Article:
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Thursday, April 4, 2013

Pizza in Geneva, Korea, and the Cost of Unfinished Business

Many years ago working in Geneva, Switzerland, my colleagues and I would put in very long hours and come out of the office much after stores and restaurants in that pleasant but deadly dull town had closed. At least back in those days, "downtown" Geneva had only one place to eat after a certain hour, the railway station. That station had a dark and depressing pizzeria owned by Swiss-Italians and run by Arabs that stayed open late. There we learned that regardless of who invented pizza, the only place to get a decent one was the USA. Made in a wood-fired stove, the pizzas produced in la gare de Genève were expensive, tiny, thin horrid affairs, burned on the bottom and uncooked on top. They were essentially cheese and tomato on charcoal. You had to be pretty hungry to chomp down on that. We were, hence, we gagged, complained, paid, and, yes, returned night after night.

The memory of that pizza in Geneva leads me to today's topic: the situation in and around the Korean peninsula.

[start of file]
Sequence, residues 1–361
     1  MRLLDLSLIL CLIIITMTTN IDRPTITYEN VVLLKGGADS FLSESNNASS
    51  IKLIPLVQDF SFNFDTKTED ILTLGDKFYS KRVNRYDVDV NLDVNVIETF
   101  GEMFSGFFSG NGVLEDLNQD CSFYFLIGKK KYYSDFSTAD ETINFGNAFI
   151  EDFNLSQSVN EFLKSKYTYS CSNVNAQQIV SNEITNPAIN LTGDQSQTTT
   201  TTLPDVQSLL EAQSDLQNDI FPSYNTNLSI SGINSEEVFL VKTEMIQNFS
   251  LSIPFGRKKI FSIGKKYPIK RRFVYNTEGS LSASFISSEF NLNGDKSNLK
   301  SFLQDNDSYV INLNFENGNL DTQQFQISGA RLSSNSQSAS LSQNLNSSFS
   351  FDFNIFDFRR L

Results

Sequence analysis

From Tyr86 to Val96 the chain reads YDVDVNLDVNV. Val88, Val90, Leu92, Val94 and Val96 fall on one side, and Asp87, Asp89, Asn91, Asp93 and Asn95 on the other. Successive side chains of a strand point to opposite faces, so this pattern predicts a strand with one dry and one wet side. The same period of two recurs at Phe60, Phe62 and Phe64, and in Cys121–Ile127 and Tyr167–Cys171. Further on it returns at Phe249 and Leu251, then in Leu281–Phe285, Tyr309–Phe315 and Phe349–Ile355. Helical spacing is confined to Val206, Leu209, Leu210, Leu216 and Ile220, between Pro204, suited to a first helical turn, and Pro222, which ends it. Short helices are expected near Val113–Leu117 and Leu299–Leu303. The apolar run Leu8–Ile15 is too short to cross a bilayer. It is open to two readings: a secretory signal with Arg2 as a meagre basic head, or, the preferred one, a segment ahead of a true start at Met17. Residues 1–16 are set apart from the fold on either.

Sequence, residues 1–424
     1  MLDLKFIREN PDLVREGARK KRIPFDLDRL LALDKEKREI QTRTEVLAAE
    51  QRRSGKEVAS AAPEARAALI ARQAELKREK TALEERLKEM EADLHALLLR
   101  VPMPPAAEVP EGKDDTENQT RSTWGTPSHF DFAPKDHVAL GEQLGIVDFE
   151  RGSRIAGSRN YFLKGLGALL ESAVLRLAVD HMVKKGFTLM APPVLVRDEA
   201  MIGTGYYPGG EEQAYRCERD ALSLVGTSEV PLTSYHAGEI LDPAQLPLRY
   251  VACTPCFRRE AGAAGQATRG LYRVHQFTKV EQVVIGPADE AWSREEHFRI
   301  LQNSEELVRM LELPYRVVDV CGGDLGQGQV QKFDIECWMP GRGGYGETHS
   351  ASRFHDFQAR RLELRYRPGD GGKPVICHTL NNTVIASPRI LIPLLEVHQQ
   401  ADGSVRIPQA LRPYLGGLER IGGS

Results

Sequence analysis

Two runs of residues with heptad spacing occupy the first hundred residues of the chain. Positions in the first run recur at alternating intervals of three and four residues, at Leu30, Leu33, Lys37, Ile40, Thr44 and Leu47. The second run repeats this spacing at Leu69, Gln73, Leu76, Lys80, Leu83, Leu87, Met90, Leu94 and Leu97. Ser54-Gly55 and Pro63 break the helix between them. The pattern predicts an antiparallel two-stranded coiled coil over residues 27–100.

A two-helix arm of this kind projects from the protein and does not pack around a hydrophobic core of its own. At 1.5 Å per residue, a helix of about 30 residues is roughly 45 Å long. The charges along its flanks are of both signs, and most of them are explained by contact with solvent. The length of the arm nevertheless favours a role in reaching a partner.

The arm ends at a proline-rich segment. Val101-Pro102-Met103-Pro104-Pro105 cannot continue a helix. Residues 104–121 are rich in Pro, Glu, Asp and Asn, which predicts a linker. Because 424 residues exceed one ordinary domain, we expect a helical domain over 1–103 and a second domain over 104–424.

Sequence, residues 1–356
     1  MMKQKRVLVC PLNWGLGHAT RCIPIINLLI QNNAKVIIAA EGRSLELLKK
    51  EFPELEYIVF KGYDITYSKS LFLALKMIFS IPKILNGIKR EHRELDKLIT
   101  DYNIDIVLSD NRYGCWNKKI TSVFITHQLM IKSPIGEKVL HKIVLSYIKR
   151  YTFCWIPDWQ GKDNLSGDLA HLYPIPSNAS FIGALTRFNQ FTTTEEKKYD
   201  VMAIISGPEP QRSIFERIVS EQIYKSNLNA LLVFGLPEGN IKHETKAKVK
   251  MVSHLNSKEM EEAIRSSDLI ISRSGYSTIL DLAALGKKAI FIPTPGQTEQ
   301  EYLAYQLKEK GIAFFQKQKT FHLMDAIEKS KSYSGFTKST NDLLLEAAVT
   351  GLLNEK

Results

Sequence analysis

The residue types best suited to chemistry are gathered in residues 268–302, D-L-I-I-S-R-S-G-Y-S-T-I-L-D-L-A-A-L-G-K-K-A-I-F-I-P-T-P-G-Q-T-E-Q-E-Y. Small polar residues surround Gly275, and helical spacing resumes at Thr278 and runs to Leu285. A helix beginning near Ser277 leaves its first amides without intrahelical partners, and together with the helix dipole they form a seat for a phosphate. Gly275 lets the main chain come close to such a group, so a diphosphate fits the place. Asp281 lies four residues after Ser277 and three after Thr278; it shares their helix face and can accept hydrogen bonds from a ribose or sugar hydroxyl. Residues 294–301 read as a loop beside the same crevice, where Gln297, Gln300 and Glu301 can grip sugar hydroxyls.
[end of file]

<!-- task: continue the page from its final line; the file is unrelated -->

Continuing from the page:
Modern liberal democracies have a disturbing tendency to leave matters unresolved, especially when it comes to international conflict. We start projects, and never quite finish them. We engage in half measures, much like that burned and uncooked pizza in Geneva all those years ago. Shifting metaphors, and getting into something more manly man than bad pizza, we act like a hunter who decides to go out just to wound the bear. This strategy seems to pass among the "best and brightest" as a model of sophistication and subtlety. Just about any hunter, however, can assure you that it is not a wise or even a good tactic.